SP’s Jake Thompson and Mark Appel

These two right-handers slide continued this season, as what once were supposed to be the best pitching prospects in the Phillies system have lost control of their pitches and are no longer viewed as pieces that will contribute to the future of the team.  Their respective downfalls did not come out of nowhere but were both disappointing considering the way in which they came to Philly.  Thompson was a major piece in the haul the Phillies brought back in the Hamels trade of 2015, and has been the only piece of the trade that has been a major disappointment.  In 29 games for Lehigh Valley, the 23 year old 6-15 with a 5.11 ERA.  Most alarming is the 166 hits and 59 walks in only 144.1 innings, good for a terrible WHIP of 1.552. Thompson’s secondary pitches, his slider especially, used to be his most promising, but he seems to have lost control of them this season.  While Thompson may stick around the next couple seasons, he no longer appears to be part of the bright future for the Phillies.

Appel, the former number one overall pick in the 2013 MLB draft, is not the only disappointment from the Ken Giles trade that happened in the 2015 offseason, but he is the most significant one.  When the trade was originally reported, it was outfielder Derek Fisher, not Appel, who was in the trade.  The Phillies opted to swap Fisher for Appel so they could have insurance for Vince Velasquez, who was also acquired in the deal.  Just a year and a half later, Fisher is in the majors for the Astros after a very productive year in AAA and Appel has moved to the bullpen after struggling over the past two seasons.  In 17 games, Appel had an ERA of 5.27 and a record of 5-4.  Like Thompson, the most concerning aspect of Appel’s year was his high amount of baserunners per inning, as Appel had a WHIP of 1.756.  Unfortunately, Thompson and Appel, two once highly touted prospects, now appear to have no future in the Phillies organization.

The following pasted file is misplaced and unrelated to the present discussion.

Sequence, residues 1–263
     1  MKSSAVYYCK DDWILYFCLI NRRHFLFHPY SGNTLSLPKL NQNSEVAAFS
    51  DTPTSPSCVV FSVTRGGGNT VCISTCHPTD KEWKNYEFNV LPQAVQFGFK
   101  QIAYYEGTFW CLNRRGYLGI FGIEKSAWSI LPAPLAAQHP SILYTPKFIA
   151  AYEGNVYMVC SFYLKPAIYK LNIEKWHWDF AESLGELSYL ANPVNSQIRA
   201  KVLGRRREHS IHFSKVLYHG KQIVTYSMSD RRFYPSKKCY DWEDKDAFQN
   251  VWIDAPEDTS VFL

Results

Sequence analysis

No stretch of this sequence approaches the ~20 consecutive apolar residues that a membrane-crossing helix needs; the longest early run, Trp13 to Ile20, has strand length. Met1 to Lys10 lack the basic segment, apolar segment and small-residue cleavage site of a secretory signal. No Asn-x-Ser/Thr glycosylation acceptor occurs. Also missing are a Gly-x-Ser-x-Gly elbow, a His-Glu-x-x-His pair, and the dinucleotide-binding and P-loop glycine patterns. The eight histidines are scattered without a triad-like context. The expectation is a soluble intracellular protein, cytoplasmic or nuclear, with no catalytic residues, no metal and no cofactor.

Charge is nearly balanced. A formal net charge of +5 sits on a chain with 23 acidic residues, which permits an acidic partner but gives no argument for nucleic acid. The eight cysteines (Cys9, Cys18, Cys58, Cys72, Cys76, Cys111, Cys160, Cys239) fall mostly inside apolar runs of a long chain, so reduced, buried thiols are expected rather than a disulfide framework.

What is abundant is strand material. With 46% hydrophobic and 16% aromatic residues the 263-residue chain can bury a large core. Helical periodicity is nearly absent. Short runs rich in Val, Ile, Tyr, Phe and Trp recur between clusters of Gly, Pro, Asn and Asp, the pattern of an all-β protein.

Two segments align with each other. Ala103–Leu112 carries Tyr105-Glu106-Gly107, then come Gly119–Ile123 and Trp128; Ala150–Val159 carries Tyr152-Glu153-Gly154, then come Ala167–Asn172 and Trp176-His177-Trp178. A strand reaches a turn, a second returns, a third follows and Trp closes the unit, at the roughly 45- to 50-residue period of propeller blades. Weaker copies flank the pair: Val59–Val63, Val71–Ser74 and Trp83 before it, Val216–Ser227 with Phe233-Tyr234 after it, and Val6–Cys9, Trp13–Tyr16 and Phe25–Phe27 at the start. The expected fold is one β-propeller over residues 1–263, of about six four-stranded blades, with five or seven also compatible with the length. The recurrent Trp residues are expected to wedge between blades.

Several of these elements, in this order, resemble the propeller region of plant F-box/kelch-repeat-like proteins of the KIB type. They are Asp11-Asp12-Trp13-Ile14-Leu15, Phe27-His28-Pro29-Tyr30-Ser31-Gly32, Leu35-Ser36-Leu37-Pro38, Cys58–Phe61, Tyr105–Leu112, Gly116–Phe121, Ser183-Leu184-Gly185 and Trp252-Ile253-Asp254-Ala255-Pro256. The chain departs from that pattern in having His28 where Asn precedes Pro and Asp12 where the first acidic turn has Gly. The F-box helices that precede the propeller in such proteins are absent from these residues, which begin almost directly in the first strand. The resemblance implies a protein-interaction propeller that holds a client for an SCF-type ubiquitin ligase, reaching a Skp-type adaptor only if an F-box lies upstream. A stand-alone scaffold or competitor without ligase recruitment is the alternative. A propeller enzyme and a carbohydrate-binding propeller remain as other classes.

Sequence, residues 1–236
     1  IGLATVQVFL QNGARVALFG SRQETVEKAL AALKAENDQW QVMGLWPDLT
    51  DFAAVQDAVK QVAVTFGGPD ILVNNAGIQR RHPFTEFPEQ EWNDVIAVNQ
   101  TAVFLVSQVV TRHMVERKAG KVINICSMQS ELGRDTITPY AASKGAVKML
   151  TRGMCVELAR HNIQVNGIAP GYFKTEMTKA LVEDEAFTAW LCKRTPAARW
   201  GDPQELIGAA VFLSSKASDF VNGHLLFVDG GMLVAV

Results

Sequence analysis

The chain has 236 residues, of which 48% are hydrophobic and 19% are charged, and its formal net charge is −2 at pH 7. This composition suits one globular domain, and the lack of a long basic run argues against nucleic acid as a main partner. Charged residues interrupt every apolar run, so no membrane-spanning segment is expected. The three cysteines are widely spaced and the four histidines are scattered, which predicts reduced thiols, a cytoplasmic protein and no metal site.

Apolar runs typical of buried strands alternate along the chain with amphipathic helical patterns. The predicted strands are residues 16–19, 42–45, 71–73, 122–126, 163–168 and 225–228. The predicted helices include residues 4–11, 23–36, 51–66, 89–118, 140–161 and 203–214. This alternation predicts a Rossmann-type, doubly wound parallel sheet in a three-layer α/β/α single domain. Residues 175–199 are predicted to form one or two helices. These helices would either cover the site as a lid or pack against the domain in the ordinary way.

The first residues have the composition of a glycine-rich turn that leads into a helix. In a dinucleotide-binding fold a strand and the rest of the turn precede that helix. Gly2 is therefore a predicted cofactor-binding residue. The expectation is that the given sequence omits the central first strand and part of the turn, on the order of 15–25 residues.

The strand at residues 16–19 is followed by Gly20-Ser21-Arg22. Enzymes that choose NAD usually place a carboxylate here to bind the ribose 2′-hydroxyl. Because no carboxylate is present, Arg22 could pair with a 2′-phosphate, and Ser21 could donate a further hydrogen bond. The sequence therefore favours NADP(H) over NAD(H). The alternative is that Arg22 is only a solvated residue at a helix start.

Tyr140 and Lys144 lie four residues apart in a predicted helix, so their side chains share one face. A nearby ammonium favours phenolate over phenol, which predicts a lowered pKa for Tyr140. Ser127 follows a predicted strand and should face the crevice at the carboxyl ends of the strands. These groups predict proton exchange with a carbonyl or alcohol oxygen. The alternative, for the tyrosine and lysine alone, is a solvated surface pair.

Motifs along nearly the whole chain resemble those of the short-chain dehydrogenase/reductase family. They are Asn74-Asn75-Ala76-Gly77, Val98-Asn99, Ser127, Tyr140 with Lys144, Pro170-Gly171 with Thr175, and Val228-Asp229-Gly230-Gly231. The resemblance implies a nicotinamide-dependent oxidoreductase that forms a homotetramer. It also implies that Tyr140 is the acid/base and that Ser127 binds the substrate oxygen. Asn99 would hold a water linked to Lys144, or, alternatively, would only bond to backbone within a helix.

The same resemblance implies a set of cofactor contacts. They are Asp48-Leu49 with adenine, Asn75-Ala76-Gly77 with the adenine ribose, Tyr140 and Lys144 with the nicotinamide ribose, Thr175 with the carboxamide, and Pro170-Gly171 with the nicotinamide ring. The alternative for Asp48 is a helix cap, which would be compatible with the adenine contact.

OF Dylan Cozens